This page updated 5 May 2006
Version note: Applies to TMG 7 & 8
This article discusses using Languages other than the standard English (U.S.) in reports. The Language used in reports is generally independent of the Language used for the user interface – what you see in TMG's screens. Interface Languages are covered in my article on Selecting and Editing Languages.
Other articles, found on the main Languages page, or linked in appropriate places below, provide more detail on other related features.
|Topics Included in this Article|
|Languages and Reports||Understanding how Languages work in reports|
|"Built-in" Terms and Phrases||Controlling the report phrases created by the program|
|Sentence Structures||Managing Sentence Structures in Languages|
|Copying Global Sentences||Copying Global Sentences between Data Sets or Languages|
|Copying Local Sentences||Copying Local Sentences between Languages|
|Managing Conversions||Managing the change from one Language to another|
|Other Fields||Managing Tag Labels, Past Tense, and Abbreviation fields|
Using Languages other than the default English (U.S.) in reports requires that the desired Language be specified in each report configuration you use. That on the General tab of report Options. By default, the Language specified in a new report definition is the same Language specified for the interface. Once a report definition is saved the specified Language does not change if the interface Language is changed.
Success in producing reports in a given Language also requires that you properly manage your data entry, as we will address in the following sections.
If you are considering using a Language other than the default English (U.S.) in your reports, it is important to understand where the parts of a report come from and how they can be controlled. The actual phrases used by TMG's report writer in constructing the text of any reports you generate come from three sources, and each may need to be managed to successfully apply your chosen Language:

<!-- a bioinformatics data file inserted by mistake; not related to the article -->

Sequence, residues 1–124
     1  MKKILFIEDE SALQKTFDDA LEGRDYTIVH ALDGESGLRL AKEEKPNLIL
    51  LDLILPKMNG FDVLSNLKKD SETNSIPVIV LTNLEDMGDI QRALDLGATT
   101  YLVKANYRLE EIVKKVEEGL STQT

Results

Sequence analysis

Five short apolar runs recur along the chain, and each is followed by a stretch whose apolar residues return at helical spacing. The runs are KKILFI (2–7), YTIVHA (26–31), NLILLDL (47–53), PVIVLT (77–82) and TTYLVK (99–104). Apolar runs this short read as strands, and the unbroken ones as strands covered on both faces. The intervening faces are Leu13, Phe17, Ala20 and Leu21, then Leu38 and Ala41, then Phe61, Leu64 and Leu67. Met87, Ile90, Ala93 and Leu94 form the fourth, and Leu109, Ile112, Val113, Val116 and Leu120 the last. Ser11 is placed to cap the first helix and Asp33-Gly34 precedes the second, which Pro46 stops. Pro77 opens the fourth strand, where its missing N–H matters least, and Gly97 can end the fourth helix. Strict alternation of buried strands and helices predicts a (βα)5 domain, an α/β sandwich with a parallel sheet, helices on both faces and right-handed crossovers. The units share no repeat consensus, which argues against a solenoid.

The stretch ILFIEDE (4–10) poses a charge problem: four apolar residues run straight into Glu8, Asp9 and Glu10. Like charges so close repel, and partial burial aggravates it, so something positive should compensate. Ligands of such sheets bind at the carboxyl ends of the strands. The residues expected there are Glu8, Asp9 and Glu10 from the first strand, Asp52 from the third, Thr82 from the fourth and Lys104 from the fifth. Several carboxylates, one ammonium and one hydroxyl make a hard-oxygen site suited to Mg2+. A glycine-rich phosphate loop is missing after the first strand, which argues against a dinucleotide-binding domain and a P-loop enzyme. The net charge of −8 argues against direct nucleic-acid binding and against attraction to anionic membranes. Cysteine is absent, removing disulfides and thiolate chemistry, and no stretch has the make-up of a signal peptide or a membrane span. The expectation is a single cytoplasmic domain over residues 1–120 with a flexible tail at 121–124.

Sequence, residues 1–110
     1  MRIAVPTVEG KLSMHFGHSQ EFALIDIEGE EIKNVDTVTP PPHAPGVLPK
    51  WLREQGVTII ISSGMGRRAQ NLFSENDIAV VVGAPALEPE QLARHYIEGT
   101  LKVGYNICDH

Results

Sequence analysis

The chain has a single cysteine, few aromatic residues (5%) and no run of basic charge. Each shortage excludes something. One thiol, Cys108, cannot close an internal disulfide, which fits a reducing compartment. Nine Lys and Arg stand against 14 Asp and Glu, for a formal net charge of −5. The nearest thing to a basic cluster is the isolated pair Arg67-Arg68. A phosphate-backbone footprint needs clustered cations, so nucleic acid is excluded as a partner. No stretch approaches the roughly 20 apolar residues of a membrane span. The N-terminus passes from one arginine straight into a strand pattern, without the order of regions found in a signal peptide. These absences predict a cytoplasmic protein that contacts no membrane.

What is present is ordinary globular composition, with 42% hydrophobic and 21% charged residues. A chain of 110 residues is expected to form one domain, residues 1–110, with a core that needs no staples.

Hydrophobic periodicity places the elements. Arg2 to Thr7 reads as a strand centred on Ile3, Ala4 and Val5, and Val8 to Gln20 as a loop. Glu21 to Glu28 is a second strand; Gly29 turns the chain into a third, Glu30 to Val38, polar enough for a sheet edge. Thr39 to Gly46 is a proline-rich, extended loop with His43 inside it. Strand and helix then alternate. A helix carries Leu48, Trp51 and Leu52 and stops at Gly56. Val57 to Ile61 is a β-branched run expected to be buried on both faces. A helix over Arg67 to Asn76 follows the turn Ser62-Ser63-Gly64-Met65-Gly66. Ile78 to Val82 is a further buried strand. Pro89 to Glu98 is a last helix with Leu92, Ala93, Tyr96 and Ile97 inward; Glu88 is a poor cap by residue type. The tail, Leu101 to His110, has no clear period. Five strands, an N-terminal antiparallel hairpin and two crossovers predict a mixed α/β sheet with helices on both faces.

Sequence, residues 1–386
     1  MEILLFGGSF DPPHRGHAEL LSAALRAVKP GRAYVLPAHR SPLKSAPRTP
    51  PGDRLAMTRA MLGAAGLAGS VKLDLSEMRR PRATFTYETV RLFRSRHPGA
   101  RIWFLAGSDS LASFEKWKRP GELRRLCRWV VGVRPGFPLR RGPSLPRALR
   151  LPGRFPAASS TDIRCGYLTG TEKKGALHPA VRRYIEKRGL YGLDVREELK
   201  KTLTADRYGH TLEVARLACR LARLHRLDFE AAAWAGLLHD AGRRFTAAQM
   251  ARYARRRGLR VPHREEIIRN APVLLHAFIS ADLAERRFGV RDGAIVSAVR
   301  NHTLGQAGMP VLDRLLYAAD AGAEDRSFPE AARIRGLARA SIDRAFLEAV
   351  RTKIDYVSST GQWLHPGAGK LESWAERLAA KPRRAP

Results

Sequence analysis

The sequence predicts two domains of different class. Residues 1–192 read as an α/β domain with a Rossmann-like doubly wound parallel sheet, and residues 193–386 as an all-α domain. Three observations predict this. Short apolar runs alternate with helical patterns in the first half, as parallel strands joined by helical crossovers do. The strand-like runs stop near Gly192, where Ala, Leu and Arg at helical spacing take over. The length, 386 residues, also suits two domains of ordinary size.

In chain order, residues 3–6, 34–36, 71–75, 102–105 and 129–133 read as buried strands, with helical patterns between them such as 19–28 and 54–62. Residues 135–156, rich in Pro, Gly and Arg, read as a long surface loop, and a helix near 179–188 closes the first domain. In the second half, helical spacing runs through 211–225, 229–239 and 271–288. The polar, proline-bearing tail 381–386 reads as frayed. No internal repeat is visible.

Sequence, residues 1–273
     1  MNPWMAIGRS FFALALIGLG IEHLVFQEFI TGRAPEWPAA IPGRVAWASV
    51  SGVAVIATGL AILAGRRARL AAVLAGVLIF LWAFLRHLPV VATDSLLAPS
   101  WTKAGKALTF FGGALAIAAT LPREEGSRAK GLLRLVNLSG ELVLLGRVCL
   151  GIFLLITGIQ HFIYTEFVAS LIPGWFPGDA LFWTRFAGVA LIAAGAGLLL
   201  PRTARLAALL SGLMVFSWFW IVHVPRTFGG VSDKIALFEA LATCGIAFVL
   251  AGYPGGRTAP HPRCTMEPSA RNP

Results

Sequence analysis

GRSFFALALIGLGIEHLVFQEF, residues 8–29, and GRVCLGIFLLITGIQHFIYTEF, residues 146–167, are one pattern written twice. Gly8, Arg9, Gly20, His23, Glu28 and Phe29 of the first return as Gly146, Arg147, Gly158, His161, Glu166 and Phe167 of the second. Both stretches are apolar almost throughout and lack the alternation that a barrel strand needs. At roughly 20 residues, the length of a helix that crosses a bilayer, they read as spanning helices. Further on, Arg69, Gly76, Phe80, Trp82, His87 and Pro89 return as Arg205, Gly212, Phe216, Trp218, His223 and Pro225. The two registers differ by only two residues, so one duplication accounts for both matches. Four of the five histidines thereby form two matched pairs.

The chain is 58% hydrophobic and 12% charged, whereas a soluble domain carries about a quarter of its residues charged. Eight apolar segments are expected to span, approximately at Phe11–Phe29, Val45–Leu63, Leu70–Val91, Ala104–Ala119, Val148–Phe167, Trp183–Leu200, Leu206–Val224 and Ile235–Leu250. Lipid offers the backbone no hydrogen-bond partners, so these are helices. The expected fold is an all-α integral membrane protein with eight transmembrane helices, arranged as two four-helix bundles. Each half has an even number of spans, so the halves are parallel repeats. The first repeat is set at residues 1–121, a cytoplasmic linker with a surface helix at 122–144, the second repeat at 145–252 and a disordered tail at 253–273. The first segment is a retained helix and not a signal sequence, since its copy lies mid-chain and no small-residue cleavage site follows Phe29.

1. The Phrases Built Into the Report Writer
Examples: In a Family Group Sheet, the report title - "Family Group Sheet" - is created by the report writer. In a Journal Report, in the sentence "The children of Frank Smith and Mary Jones were:" everything but the names comes from phrases built into the report writer.
Also in this category are the modifiers and other terms TMG applies to the data as reports are produced, such as "circa" or "before" for dates, the names of months or days, and prepositions such as "in" or "at" for places.
Changing the report Language, or editing the phrases in the selected Language, cause these phrases to change accordingly.
2. Tag Labels and Sentence Structures
Examples: In a Family Group Sheet, event labels like "Birth" and "Death" come from the Tag Type definition of those Tag Types. In narrative reports the sentence "He was born on 11 Jul 1851 in Cincinnati" everything but the date and place comes from the Sentence Structure in the Birth Tag.
The Labels and Sentence Structures for the Tag Type or the local tag Sentence for the Language used by the report control how these elements will appear in reports. To change them you edit these fields on the Tag Type Definition screen, or the local Sentence Structure on the Tag Entry screen for the Language used in the report.
3. The Data Entered in the Various Fields of the Tags
All the data you enter in the Name, Place, and Memo fields appears in reports exactly as you enter it, regardless of the Language used for the report.
For example, in a narrative report the sentence "He was a farmer in 1870 in Kern Co., California" the phase "a farmer," the year, and place all come from data fields in the Occupation Tag, and are printed just as they were entered.